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Old 07-08-2011, 12:23 PM   #1
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Default How long before I should see fermentation bubbles?

How long before I should see fermentation bubbles?

I'm making an Ale, 1/2 gal wheat/LME with and using Wyeast, and have it in the primary now. I added the yeast at 79 deg and after I whisked for 4 minutes to blend in some O2.

TIA

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Old 07-08-2011, 12:29 PM   #2
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if you sanitized right and pitched the yeast, then don't worry about the bubbles. you will probably see them with in the next day or two, but don't worry about them if you don't. do you have a hydrometer? its your best tool to see whats going on in there. good luck!

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Old 07-08-2011, 12:34 PM   #3
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Could be minutes, could be days, it all depends on your practices/procedures, your original gravity, amount and strain of yeast pitched, ingredients, etc, etc. Was the wyeast a Activator pack or a propagator pack, did you build a starter? What was the OG?

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Old 07-08-2011, 12:34 PM   #4
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I'm sure Revvy will be here to share shortly - but I'll try to beat him to the punch:

Bubbles are not an indication of fermentation - they CAN be one result of fermentation, but they can also indicate many other things. And fermentation can and often does occur such that you never see a bubble.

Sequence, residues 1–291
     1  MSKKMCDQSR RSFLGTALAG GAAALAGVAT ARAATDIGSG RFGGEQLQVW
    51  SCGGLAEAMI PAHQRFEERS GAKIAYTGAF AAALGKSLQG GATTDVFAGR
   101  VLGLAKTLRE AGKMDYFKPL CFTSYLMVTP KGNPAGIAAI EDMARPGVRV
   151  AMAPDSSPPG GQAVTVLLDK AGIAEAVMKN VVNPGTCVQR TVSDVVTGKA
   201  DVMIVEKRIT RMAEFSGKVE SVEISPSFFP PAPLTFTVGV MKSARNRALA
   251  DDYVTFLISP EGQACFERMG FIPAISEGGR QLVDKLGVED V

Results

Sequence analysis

That said, remember that fermentation takes time. It sounds like you may have just brewed your batch. If so, it's time to sit back, relax, and LEAVE YOUR BEER ALONE!

Seriously, give it at least a week in primary - two or three is better - and then break out your hydrometer and see if you're getting near your final gravity. That's the only way to know, for sure, that fermentation has occurred.

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Old 07-08-2011, 01:35 PM   #5
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Quote:
Originally Posted by COLObrewer View Post
Could be minutes, could be days, it all depends on your practices/procedures, your original gravity, amount and strain of yeast pitched, ingredients, etc, etc. Was the wyeast a Activator pack or a propagator pack, did you build a starter? What was the OG?
Thanks! This is my first beer, although I've made a number of wines (from grape juice, kits, fruit wines and also Skeeter Pee) before.

My starting SG was 1.044, I don't know what OG is. Its from a Midwest Supplies kit.

It was an activator pack I did not make a starter.

SG is at 1.042 now and I see some small bubbles so it looks like its going.

Should I whisk in some extra O2, or just let it go?
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Old 07-08-2011, 01:37 PM   #6
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Quote:
Originally Posted by stratslinger View Post
Bubbles are not an indication of fermentation - they CAN be one result of fermentation, but they can also indicate many other things. And fermentation can and often does occur such that you never see a bubble.
Thanks!

Didn't know that, with the wines I've made I've always seen a rapid fermentation, with lots of bubbles, except for once where I had a stuck fermentation and had to make a starter to get it going.